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Nuts About Pecan Trees

HAVE A LOVE AFFAIR with hickory trees? If you grew up or live on a farm, you surely do. But finding one in a garden center is nearly impossible. The next best thing, but easier to find, is the pecan, Carya illinoinensis. You can now find many wonderful pecan trees growing on Kentucky farms and large urban estates. The pecan is a huge, stately tree growing 70 to 100 feet tall and 40 to 75 feet wide. For optimal production, you should plant them 60 feet apart.

THE PECAN is one of the most popular edible nuts today. The University of Georgia, which has done tremendous pecan research, recommends cultivars Elliott, Excel, Gloria Grande, and Sumner for the home garden; they have excellent insect and disease resistance. Amling, Carter, and Gafford cultivars are also recommended, but more difficult to find.

FOR OPTIMAL NUT PRODUCTION, ideally you will need two different cultivars to ensure adequate cross pollination and fruit production. If you don’t have room for two trees, consider working with a neighbor and have each plant a different cultivar near the common property line. But if you can only plant one, you will still be rewarded with lots of pecans to harvest and enjoy. Container-grown plants are best for transplanting, as the pecan is known for developing a taproot. It is also known for its low branching, so some pruning may be necessary to raise the canopy as it matures so you don’t bump your head on its branches.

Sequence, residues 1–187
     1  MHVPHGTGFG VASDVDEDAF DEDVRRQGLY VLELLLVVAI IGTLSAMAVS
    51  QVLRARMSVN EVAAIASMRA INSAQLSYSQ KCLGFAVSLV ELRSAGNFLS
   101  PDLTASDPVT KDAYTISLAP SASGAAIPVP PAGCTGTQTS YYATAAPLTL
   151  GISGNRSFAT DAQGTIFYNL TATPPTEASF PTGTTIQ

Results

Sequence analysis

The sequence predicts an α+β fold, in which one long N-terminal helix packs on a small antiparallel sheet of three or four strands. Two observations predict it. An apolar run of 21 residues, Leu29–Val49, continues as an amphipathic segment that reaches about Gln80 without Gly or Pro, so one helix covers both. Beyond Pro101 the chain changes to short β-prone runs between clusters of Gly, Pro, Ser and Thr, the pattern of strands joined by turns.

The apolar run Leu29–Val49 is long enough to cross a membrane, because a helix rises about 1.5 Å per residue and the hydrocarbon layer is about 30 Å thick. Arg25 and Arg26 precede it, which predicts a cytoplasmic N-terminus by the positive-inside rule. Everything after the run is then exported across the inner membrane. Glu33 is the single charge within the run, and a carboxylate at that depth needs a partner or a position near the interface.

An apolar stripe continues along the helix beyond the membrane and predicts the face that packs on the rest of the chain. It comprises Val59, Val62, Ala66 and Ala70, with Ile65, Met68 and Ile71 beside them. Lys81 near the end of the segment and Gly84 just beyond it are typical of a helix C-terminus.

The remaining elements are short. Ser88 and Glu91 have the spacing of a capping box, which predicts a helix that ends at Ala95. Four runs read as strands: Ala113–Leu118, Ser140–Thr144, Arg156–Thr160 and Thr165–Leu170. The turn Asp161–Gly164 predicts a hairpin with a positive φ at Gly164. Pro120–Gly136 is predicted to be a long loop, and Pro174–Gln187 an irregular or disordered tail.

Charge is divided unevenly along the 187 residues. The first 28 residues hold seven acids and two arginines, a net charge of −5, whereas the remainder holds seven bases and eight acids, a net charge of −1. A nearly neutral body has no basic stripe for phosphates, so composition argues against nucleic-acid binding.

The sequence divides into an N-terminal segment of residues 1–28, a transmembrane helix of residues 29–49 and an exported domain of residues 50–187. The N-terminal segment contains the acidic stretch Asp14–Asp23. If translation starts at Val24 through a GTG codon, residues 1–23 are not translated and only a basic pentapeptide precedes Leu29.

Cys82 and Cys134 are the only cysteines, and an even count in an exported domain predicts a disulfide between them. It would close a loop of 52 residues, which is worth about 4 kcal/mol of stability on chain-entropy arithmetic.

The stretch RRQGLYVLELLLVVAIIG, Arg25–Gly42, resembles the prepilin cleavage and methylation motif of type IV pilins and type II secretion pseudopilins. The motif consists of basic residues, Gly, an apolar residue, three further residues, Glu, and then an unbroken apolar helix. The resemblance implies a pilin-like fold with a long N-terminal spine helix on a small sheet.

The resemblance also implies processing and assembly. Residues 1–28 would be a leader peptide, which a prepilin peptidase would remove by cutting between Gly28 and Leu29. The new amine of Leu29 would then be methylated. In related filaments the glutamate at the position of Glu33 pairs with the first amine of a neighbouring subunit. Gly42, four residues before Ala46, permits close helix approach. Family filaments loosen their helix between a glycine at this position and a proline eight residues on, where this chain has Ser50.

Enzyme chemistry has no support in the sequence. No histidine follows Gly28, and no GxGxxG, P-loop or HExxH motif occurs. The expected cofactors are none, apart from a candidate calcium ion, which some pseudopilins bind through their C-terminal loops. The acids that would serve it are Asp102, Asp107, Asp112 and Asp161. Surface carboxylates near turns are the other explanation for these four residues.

ASK THE GARDENER
by Angie McManus

We have newly planted blackberry vines. We were told not to let them bear fruit this year. Should we cut them back to just above the ground for next year’s harvest or leave them alone?

Blackberries are a delicious treat to add to the garden. If they have the right growing conditions and are properly cared for, they will provide you with many years of fruit. There are three different kinds of blackberries but here in Kentucky we typically only grow two: semi-erect and semi-trailing. The trailing varieties are not typically hardy for us. As for pruning, they should be left alone for now. Future pruning depends on what kind of blackberry you are growing.

Semi-erect cultivars should be pruned for the first time during the winter dormant period. They should be cut back where the canes start bending over. They can also be pinched back during the summer months if at any time the canes have put on more than one foot of new growth.

For semi-trailing blackberries, the first time to prune them would be early next spring. At this time, you will want to study each plant and pick out two or three of the most vigorous canes and remove the rest at ground level.

For more detailed information, go online to www.ca.uky.edu and type “Growing Blackberries and Raspberries” in the Search box to find a downloadable PDF.


HAVE A GARDENING QUESTION?
Go to www.KentuckyLiving.com, click on Home & Garden, then “Ask The Gardener”.

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